Artifacts found within the households include copper fishhooks, bitumen nodules, and numerous shells from shellfish, including pearl oyster. The copper was produced in Bahrain; the bitumen imported from Mesopotamian quarry sites. Tiny seed pearls were found in the excavations, although they were probably too small to e used as ornaments. Nearly 100 seals, used to seal packages, bales and jars, have been found at the Saar settlement, and 48 seals from the associated burial ground: this is very unusual for a small town and unmatched on Bahrain. Four or five seals were found in a single house. All of the seals are of the early Dilmun style.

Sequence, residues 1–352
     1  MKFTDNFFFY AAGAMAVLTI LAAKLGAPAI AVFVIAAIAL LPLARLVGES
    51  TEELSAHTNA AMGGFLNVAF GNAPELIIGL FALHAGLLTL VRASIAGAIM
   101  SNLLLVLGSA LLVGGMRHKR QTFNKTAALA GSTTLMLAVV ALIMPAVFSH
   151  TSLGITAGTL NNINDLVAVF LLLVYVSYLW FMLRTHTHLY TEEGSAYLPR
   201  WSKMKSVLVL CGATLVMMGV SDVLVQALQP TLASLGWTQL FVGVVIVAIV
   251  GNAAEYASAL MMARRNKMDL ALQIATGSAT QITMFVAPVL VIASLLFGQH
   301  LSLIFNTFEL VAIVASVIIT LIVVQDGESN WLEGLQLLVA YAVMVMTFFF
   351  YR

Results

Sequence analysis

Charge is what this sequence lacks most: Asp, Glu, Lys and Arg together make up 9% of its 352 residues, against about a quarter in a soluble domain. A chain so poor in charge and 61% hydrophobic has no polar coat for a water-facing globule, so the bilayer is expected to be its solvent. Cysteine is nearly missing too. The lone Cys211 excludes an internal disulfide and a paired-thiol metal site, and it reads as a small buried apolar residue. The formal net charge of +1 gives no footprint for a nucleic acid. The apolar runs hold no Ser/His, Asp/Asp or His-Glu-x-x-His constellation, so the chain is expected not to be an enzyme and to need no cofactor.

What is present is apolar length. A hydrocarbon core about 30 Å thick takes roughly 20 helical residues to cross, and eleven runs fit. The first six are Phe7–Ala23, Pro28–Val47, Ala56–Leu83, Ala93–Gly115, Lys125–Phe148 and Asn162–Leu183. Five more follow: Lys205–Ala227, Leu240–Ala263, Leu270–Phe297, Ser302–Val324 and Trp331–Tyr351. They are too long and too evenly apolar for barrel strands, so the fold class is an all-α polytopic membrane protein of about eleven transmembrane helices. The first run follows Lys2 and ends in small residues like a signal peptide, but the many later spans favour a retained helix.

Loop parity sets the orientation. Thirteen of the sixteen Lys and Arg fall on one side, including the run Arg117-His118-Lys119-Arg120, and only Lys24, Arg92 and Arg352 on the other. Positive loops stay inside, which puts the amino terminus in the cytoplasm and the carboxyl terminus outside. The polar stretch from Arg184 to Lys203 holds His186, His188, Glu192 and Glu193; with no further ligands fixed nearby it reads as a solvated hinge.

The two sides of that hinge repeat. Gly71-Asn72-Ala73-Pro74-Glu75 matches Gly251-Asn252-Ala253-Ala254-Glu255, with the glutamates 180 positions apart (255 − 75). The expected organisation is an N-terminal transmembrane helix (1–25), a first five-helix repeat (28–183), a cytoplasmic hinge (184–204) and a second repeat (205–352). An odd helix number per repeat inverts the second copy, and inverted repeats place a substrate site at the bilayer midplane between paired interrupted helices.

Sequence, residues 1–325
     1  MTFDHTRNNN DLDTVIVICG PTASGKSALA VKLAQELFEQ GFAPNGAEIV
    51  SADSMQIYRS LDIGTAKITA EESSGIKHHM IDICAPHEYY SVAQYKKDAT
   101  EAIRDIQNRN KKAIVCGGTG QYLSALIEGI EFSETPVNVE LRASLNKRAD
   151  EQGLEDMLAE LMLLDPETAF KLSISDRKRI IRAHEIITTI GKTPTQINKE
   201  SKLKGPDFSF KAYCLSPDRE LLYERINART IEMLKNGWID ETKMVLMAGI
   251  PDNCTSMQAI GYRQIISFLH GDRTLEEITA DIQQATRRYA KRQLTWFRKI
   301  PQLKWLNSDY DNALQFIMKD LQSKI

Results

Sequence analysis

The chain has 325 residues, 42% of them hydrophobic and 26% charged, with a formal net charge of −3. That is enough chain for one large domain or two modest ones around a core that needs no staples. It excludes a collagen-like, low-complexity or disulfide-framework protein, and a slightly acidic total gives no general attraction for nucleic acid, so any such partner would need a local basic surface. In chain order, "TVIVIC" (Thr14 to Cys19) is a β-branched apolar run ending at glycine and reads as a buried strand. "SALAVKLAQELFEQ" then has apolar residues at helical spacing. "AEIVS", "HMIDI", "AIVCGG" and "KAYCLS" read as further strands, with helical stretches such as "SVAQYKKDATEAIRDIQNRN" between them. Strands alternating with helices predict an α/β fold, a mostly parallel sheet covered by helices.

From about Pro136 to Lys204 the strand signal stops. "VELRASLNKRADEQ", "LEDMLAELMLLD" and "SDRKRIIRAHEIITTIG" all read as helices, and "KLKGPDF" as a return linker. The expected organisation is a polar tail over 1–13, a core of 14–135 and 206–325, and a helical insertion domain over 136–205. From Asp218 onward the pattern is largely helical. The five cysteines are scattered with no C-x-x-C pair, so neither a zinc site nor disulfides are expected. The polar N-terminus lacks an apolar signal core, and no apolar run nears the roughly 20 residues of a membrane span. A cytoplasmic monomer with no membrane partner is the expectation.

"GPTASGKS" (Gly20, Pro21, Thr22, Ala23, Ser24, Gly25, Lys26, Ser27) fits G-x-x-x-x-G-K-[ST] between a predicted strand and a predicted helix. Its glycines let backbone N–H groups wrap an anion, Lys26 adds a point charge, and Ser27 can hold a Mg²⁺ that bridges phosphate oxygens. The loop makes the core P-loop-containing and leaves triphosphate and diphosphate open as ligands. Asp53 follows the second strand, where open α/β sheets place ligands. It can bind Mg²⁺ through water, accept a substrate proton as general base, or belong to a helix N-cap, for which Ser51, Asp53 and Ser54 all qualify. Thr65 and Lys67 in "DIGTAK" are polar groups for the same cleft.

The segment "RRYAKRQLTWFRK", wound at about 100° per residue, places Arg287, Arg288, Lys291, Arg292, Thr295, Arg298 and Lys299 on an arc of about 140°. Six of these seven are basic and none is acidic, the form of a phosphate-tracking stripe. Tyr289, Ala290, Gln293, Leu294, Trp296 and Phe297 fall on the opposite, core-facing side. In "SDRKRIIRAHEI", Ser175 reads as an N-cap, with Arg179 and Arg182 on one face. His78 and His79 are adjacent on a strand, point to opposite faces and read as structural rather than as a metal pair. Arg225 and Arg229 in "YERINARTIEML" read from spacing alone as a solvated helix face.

Saar was discovered on a survey in 1977, and excavated in 1977-1979 under the direction of M. Ibrahim. Some unpublished work by a joint Bahraini-Jordanian expedition at Sarr in the 1980s. The London-Bahrain Archaeological Expedition was conducted at Saar between 1990 and 1999, led by Robert Killick, Jane Moon and Harriet Crawford.
This glossary entry is a part of the About.com guide to Dilmun Culture, and the Dictionary of Archaeology.
Crawford H. 1997. The site of Saar: Dilmun reconsidered. Antiquity 71(273):701-708.
Nesbitt M. 1993. Archaeobotanical evidence for early Dilmun diet at Saar, Bahrain. Arabian Archaeology and Epigraphy 4(1):20-47.
Tews S. 2011. Seals in Dilmun Society: The use and value of Bronze Age seals from Saar, Bahrain: Universiteit Leiden.
By K. Kris Hirst about.com guide